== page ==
Tuesday, May 19, 2009

Buy to let left in tatters?

Has the crisis killed buy-to-let investing?

The writer has a point - while buy-to-let may well be here to stay, it is likely it will become the stomping ground of a much smaller group of investors.

Posted by smithers @ 11:31 AM (952 views)
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7 thoughts on “Buy to let left in tatters?

  • What planet is this writer on?

    BTL lending has been dead in the water for ages now – the only players left are those who have the cash to buy outright.

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  • Btl_and_milking_it says:

    uncle tom

    what planet are you on?

    cheltenham & gloucester 75% LTV 5.29% fixed for 3 years, and (quote) they are inundated. as i said on here yesterday, we’ve added 7 to our portfolio in as many months. no problems here.


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  • new builds and inner city properties are increasingly being seen as bad investments and would-be landlords are looking for properties in the suburbs instead

    So Buy to let do not want easy to rent properties they will buy family homes instead.

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  • btl_and_milking_it…

    I’ve seen you post a few times – and only on articles really relevant to you as a btl investor. I’m guessing taht you hover around the site quite often, but post infrequently. So I was wondering what you think will happen to house prices and general inflation over the next few months/years.

    Genuine interest in hearing your POV

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  • Hi Inbreda,
    What I do not understand is that if the borrowing rate is 5.29% then based on this can somebody please justify why if buying a property is beneficial.
    My calculation makes a non starter based below:

    Cost of Property £140000 – a 2/3 beroom property.
    Deposit 35000
    Amount borrowed 105000
    Interest Payable £5555
    Interest lost on £35000 @ 4% = 1400
    Therefore total cost 6955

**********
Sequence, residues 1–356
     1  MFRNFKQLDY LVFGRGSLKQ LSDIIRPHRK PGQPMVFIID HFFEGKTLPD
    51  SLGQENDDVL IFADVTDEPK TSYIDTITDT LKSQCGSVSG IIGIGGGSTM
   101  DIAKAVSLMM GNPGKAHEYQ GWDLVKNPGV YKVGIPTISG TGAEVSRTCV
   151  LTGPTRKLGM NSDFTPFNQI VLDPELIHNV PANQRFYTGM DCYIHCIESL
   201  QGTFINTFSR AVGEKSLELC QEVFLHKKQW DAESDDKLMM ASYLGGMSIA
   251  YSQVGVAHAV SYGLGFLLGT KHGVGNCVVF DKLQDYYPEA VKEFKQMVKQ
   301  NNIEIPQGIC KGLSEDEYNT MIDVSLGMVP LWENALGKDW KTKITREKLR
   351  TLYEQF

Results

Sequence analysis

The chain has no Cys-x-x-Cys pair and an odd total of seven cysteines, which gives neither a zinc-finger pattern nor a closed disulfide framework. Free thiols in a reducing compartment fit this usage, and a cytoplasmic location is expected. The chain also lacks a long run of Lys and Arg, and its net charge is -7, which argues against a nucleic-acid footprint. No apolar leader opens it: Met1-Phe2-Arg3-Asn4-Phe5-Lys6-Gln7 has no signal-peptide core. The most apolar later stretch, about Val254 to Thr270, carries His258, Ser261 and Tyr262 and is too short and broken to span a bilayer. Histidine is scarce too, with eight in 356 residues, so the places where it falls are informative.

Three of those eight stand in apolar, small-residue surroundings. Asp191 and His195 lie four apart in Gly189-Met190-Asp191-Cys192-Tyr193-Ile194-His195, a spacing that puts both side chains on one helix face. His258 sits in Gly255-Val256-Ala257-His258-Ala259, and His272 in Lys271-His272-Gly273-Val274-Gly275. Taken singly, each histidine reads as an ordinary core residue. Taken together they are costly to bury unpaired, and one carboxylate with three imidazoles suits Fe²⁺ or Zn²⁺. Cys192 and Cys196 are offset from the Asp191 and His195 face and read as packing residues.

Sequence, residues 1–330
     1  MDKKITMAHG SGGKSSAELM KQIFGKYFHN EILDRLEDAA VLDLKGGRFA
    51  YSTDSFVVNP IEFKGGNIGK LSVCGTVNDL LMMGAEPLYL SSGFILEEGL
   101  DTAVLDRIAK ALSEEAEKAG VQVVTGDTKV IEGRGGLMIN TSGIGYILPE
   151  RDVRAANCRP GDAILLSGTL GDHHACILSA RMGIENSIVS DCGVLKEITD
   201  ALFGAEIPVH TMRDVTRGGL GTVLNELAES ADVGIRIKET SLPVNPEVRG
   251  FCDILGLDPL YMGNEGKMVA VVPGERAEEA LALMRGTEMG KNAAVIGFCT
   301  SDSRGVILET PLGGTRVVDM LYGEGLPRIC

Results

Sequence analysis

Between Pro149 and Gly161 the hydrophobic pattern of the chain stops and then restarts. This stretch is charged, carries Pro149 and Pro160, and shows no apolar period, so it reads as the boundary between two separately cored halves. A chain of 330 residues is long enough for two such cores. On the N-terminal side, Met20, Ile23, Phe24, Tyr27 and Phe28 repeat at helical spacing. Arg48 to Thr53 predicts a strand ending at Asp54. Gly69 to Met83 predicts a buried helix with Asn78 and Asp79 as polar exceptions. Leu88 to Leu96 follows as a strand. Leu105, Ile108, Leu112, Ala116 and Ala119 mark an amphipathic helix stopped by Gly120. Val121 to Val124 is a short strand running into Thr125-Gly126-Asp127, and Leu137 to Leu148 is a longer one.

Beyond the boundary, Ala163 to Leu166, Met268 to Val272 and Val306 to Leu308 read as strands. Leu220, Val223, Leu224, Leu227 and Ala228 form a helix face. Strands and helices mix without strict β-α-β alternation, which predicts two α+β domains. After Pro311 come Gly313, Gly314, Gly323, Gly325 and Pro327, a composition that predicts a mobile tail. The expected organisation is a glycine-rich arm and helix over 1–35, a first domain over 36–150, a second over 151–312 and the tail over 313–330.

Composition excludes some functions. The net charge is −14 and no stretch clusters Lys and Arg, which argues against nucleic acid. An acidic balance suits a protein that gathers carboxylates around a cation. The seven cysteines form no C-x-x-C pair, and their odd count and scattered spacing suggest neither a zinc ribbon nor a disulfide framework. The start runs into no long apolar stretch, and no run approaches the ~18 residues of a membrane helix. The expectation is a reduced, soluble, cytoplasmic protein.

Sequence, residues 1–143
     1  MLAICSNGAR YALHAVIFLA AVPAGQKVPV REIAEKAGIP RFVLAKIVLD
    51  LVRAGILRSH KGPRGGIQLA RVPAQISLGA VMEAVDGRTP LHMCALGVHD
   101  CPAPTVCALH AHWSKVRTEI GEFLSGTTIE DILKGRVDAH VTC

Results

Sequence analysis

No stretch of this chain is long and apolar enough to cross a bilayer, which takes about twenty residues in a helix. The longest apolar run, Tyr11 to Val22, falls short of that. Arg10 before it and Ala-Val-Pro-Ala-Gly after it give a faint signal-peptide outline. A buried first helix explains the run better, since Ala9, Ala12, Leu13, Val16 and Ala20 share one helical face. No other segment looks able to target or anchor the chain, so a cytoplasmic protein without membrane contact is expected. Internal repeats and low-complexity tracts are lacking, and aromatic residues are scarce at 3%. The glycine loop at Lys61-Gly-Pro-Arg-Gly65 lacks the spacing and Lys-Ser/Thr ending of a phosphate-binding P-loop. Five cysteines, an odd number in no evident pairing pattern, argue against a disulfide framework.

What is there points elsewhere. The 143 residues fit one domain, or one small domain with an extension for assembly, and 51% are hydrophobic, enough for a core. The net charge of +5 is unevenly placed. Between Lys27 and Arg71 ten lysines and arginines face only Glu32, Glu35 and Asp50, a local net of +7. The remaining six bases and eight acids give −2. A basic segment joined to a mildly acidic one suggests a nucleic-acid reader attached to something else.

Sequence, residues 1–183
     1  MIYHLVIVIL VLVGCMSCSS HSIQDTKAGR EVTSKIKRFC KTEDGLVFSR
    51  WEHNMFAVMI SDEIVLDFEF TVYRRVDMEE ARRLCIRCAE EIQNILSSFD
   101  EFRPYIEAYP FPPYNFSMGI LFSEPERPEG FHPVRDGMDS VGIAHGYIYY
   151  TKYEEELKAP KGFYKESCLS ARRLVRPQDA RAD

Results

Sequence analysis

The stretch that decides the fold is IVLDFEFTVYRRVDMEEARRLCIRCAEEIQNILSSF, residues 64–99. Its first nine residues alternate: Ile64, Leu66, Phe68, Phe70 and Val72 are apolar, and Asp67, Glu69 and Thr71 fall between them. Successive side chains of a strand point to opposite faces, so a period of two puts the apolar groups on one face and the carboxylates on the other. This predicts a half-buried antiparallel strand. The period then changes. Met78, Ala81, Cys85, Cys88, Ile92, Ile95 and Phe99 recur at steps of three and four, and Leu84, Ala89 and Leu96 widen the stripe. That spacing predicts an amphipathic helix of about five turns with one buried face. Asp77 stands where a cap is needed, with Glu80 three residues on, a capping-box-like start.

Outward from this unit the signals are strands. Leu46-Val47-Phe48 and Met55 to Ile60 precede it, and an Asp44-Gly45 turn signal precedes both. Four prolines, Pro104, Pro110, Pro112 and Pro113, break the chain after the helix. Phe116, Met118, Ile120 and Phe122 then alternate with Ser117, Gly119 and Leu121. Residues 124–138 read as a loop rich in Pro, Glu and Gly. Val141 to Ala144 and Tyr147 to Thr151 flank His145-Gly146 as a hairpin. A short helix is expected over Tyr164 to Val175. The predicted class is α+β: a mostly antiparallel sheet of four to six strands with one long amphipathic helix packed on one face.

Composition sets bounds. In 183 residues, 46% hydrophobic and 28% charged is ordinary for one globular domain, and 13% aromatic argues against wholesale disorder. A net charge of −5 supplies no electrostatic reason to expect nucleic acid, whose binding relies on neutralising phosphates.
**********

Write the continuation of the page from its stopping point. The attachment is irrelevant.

Rent required to cover the above 580 per month
    This is before taking into account any other expenses. I understand that this can be as much as £120 per month or more.
    Therefore monthly rent required to break even would be £700 per month. It would appear that in my opinion this is a futile investment especially in a depressed property market as there is a greater chance of dropping than rising. As I have said in the past if the the business model is so brilliant then why aren’t the estate agents taking advantage of the position.
    Any comments please to dispute this analysis.

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  • @2. You forgot a very important point regarding C&G …. the arrangement fee is 2.5% loan, then you would probably have to do it again in 3 yrs time. That is a lot of money to throw away for a depreciating asset. I would be interested to see your calculations and how you get a better than 5% return.

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  • House,

    The true return from BTL averages a little less than 60% of gross rent. Many landlords underestimate the expenses, which are:

    Void periods – upwards of 8%, in some areas, much higher
    Management fees – typically 10% + (some landlords self-manage, but their time is still money..)
    Letting agent fees – averages around 2%
    Short term maintenance – varies, but usually eats upwards of 7%
    Long term maintenance – often neglected, usually consumes 5% +
    Legal fees – averages around 2%
    Accountancy fees – averages around 2%
    Statutory compliance – averages around 1%
    Bad debt – most landlords suffer this, but don’t allow properly for it; average losses probably top 5%

    “Buy-to-let : Sell-in-debt..”

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